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ERIC Number: ED362899
Record Type: RIE
Publication Date: 1993-Oct-8
Pages: 14
Abstractor: N/A
Reference Count: N/A
Multiculturalism in the 90's: Teacher and Student Perspectives.
Resnick, Paul
This informally written, first-person account describes the self-education in multiculturalism of a community college English instructor, telling in detail how he broadened his knowledge and understanding in preparation for teaching a 16-week course on Meso-America. The instructor, a generalist by profession, began by working with a mentor to design the course syllabus. The instructor received a grant from his institution, Illinois Central College (ICC) to spend six weeks in Mexico, three of them at the Spanish Language Institute in Cuernavaca. His stay gave him an aesthetic appreciation for a culture much different from his own. The course developed out of these activities focuses on the Mayans and Aztecs; historical periods from the original encounter with the Spanish to the Mexican Revolution and the Mexican Revolution to the current Central American crises; Meso-American artists; social structures; politics; and a variety of other areas. Surveys were sent to students who had taken the first-year Chinese culture class taught at ICC to discover how they had changed from their course experience. Twenty of the 31 students who returned surveys indicated that the course had changed their perspective. Some students also indicated that they were more aware of stereotypes and misinformation about China. Students, writing in their journals for the course on Meso-America, preferred to write about how the course is being taught rather than discussing course content and writing their impressions of it. Issues that still need to be considered about teaching non-Western or third-world cultures include: which cultures should be studied; how to persuade faculty members that multiculturalism is not a fad; and how professors can change their attitudes about other individuals, groups, or societies. (RS)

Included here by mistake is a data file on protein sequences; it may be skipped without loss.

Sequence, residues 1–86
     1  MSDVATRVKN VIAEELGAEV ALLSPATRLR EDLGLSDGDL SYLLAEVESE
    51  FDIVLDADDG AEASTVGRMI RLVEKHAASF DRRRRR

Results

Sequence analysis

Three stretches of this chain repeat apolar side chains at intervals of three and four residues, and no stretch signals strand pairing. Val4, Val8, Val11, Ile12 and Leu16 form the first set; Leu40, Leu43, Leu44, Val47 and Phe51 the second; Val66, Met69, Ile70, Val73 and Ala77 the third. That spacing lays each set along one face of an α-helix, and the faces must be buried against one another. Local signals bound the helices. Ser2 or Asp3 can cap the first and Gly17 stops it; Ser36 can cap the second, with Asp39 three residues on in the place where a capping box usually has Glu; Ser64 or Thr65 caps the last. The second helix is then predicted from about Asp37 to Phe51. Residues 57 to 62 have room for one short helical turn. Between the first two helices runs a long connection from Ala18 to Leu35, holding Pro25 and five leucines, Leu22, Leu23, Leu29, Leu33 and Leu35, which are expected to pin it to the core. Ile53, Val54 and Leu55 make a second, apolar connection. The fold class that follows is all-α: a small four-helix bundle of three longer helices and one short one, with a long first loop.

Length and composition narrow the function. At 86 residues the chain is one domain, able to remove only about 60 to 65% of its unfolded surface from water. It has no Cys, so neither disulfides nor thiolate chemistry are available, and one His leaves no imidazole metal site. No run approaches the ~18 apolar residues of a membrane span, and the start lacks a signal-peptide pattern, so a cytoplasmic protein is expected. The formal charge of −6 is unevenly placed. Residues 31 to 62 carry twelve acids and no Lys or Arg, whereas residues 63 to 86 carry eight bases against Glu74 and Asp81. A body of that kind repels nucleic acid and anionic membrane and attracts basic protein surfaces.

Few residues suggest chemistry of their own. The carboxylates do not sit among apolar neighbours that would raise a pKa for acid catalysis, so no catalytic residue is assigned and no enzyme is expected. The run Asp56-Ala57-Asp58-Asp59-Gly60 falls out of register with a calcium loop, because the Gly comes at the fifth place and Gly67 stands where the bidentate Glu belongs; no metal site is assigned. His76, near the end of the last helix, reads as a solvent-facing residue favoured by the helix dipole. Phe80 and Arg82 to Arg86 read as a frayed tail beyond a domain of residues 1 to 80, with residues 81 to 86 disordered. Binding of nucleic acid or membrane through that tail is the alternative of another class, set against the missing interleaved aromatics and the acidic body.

Publication Type: Speeches/Meeting Papers; Reports - Descriptive; Opinion Papers
Education Level: N/A
Audience: N/A
Language: English
Sponsor: N/A
Authoring Institution: N/A
Identifiers: English Teachers; Illinois Central College; Mesoamerica
Note: Paper presented at the Annual Midwest Regional Conference on English in the Two-Year College (Madison, WI, October 7-9, 1993). For a related paper, see CS 214 086.